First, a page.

The fellas in Deer Tick really pulled one out, er, off on the crowd Thursday night at First Avenue. They sure did hit it on the head. All their members rose to the occasion.
I could go on and on with the euphemisms, but let me just get to the point (oh, there's another one!): Deer Tick frontman John McCauley took out his penis and used it as a guitar pick for the big finale at First Avenue on Thursday. Actually, it wasn't that big (sorry, last one). He had some help from one of the dudes in opening band the Turbo Fruits, who knelt down and held onto McCauley's instrument for him. His guitar, that is. The frontman proceeded to dangle his dingle over the strings for the final few waves of noise out of his amp. It only lasted a few seconds, but the image of it will probably be stuck in fans’ memories for years. Unfortunately.
His band was just wrapping up "Let's All Go to the Bar," the rowdy, fall-down highlight from its blast of a new album, "Divine Providence." Prior to it, they played an equally boisterous and (yep) cocky version of the Beasties’ "Fight for Your Right," dedicated to MCA. So McCauley's stunt seemed to fit right in to the bratty, boozy vibe of the finale and the band's whole Replacements-copping vibe -- which included a nicely rollicking cover of "Kiss Me on the Bus" midway through the 90-minute set (John Prine and Johnny Corndawg songs rounded out their quartet of covers).
The boisterous finish probably would have seemed a bit too, um, boneheaded, but – like the Replacements -- these Rhode Island twang-rockers tempered their wild antics earlier in the show with a treasure trove of more serious, bittersweet tunes. One of the best was the opener “Ashamed,” even though McCauley (performing it solo) briefly botched the lyrics. “We haven’t played that one in a long time … since, like, Sunday,” he cracked before the band launched full-throttle into “The Bump.”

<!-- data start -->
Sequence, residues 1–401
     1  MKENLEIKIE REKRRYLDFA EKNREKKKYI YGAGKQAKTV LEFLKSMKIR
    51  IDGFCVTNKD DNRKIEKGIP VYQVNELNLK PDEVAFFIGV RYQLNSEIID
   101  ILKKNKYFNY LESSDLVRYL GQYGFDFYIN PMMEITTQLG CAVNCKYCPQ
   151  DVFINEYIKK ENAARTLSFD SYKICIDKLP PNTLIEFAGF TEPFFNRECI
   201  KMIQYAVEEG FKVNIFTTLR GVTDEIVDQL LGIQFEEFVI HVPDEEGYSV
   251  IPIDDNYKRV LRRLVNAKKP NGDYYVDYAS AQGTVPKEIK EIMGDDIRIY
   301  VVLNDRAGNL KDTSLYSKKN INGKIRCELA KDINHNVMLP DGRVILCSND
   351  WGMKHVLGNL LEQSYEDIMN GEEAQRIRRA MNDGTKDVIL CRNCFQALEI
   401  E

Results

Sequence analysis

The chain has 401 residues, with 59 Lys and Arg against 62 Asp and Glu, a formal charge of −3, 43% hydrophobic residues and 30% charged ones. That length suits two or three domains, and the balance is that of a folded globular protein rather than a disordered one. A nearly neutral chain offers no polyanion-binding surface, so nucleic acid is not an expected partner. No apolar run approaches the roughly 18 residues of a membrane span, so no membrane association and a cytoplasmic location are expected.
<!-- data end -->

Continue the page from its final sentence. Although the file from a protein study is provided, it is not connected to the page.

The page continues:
Drummer Dennis Ryan sang one of the most compelling downers of the night, “Clownin’ Around,” about serial killer John Wayne Gacy (Deer Tick’s apparent abundance of capable songwriters is another similarity to the ‘Mats). Many of the set’s other highlights also came from “Divine Providence,” including the anthemic “Main Street” and the jangly gem that should be the band’s hit, “Miss K.” Of course, you’re not going to become pop stars with what went down at show’s end. But you might at least become legendary. See also: The Replacements.
Click here for Leslie Plesser’s concert photo gallery (and no, even if she did get The Shot, do you actually think we’d post it?).